Dispatch described the suspect as a male wearing all black with a black ski mask.

When he arrived on the scene, he spoke to Tammy Daybell, but Chad and Garth Daybell were also there. He only ever spoke to Tammy and Joseph Murry, the Daybell’s son in law and neighbor.

Dep. Cannon described Tammy as “shook up” but not hysterical.

Tammy told the deputy she had been coming home from a grocery store. When she got out to unload her things, she saw a man dressed in all black standing next to her car. Tammy later told Dep. Canon she first thought the man was her son Garth because they had similar builds.

She asked the man what he wanted and he pointed the gun at her and took two shots. Tammy screamed for her husband, and the man took off running.

Joseph Murry told Cannon he heard Tammy scream and called the police. Dep. Cannon describes Garth and Chad’s behavior as “normal.”

Dep. Cannon searched the surrounding area for shell casings or other evidence that night but didn’t find anything. He didn’t search the surrounding area because Tammy told him the suspect was holding a paintball gun. He says it was also dark, and he didn’t want to disturb the neighbors.

On Jan. 3, 2020 Dep. Cannon assisted the FBI in a search for evidence. He said there was no indication or evidence of shell casings or paint in the area Tammy indicated.

Tammy’s voice in the courtroom

Dep. Helena Kaaiakamanu, formerly a dispatcher for the Fremont County Sheriff's office, took the stand next.

 On Oct. 9, 2019 she received calls from Joseph Murry and Tammy Daybell reporting an attempted shooting with a paintball gun.

Kaaiakamanu was not familiar with Tammy beyond that she was the librarian at her children’s school.

Prosecutors asked Dep. Kaaiakamanu if she could authenticate a dispatch call from the night of Oct. 9, 2019. She said she could.

Prosecutors then played the audio recording of the dispatch calls from the night of the attempted shooting.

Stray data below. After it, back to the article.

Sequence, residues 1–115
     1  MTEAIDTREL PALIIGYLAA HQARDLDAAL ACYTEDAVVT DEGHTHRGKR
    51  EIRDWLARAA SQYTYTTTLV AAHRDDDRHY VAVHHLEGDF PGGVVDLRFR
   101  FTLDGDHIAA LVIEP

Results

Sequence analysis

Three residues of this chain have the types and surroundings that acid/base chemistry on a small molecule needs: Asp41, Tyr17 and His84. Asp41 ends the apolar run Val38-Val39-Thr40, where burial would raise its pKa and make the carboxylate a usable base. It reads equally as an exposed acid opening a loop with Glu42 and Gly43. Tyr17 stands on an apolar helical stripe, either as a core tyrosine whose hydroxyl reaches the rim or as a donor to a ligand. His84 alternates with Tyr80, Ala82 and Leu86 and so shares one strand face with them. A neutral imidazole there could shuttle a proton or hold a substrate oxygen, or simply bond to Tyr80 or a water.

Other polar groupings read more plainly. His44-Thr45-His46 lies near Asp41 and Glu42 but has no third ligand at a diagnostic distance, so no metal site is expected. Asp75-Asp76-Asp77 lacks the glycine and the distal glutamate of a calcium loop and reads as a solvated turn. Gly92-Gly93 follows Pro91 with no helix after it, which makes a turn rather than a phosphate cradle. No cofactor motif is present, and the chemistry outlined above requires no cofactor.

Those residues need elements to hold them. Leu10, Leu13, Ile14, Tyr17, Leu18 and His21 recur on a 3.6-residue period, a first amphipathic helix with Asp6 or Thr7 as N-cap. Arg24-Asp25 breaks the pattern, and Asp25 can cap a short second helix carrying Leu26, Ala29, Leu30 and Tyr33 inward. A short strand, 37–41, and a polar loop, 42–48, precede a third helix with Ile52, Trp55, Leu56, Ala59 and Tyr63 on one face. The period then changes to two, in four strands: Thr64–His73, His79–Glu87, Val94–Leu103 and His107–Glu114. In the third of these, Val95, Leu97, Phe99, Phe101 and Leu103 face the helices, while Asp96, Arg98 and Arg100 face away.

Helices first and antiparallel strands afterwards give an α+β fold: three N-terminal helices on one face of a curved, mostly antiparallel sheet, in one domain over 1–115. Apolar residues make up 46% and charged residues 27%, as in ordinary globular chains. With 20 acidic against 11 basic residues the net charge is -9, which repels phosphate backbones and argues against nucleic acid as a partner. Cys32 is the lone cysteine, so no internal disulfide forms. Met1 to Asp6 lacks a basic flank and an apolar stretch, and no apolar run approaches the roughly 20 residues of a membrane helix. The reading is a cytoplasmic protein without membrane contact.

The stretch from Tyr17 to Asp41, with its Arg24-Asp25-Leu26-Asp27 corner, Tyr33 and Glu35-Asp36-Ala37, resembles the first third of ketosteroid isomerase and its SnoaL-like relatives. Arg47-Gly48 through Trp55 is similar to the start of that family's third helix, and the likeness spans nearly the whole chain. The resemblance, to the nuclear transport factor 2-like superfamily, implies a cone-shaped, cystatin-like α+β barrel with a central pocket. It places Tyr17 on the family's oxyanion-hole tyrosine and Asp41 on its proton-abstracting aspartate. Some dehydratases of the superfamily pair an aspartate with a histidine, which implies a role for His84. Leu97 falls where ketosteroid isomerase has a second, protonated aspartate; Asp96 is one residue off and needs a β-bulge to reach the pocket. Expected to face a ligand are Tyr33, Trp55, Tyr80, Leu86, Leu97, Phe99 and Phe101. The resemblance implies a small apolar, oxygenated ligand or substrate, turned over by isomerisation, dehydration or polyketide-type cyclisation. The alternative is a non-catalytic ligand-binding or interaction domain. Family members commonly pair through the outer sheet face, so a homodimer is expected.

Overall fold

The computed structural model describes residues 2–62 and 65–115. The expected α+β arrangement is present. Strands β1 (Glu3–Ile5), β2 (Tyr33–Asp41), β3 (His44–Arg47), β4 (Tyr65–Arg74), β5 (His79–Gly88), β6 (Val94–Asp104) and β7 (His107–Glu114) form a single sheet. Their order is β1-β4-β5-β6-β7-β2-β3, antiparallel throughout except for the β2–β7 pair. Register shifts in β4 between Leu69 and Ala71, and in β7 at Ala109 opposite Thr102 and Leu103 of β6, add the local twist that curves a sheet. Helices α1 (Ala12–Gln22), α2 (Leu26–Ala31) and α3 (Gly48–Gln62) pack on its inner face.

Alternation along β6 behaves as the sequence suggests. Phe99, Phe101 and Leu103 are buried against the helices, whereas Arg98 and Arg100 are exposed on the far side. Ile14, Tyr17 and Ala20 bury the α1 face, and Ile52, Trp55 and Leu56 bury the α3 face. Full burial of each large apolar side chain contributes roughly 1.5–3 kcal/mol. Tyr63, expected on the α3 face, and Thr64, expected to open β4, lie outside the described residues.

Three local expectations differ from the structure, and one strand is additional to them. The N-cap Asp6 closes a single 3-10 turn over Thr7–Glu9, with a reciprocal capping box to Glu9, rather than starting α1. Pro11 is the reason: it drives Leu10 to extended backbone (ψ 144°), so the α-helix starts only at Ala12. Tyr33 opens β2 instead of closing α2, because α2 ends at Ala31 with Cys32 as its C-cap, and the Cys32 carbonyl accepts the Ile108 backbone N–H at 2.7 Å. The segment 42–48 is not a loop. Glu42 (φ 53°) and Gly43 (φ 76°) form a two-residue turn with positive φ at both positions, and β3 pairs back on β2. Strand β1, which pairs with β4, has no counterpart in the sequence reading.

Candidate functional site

The first recording is a call from Joseph Murray. He tells the dispatcher his mother in law was threatened by a man with a paintball gun.

The prosecutors then played an audio recording of the call between Dep. Kaaiakamanu and Tammy Daybell.

“He was all dressed in black and he had a paintball gun,” Tammy shakily describes her attempted shooter in the recording.

“...I pulled up into our driveway, and he was standing there and had a paintball gun like he was going to shoot at me,” the recording continues.

“He didn’t say anything, but he was holding the gun like he had a rifle to shoot at me. But nothing came out of the gun so I don’t think it was loaded,'' Tammy's recorded voice echoes through the courtroom.

In the recording, Tammy tells the dispatcher her husband and son attempted to search the property for the ma, but they found nothing.

Chad about Tammy, “she’s frozen…She’s clearly dead.”

Next Dep. Christina West, another dispatcher from the Fremont County Sheriff’s office, took the stand. Dep. West received a dispatch call on Oct. 19, 2019 reporting the death of Tammy Daybell.

The prosecution then played the recording for the court.

The first voice in the recording is unclear, but allegedly came from Tammy’s son. He claims they just discovered their mother frozen.

Then Chad Daybell takes the phone.

Chad Daybell can be heard on the call, saying “she’s frozen” and “she’s clearly dead.” Chad continues the call with dispatch, seemingly distraught.

The court then broke for a break.

After the break, Fremont County Coroner and Dep. Corner Brenda Dye and Alyssa Greenhalgh then took the stand. They spoke about how they found Tammy Daybell on Oct. 19, 2019.

Chad told them Tammy had fallen out of bed around 5:30 in the morning.

They said Chad and his son Garth had picked Tammy up and placed her back on the bed before contacting law enforcement.

The coroner and deputy coroner said Tammy had a pinkish foam coming from her mouth.

Dye estimated the time of death between 12:30 a.m. and 2 a.m. based on rigor mortis and the temperature of Tammy's body. That would be almost five hours before Chad said she fell out of bed.

You can view a timeline of events and all our past stories on Chad Daybell and Lori Vallow-Daybell HERE.

Article Topic Follows: Vallow-Daybell Coverage

Jump to comments ↓

Author Profile Photo

Seth Ratliff

Seth is a reporter for Local News 8.


KIFI Local News 8 is committed to providing a forum for civil and constructive conversation.

Please keep your comments respectful and relevant. You can review our Community Guidelines by clicking here

If you would like to share a story idea, please submit it here.

Skip to content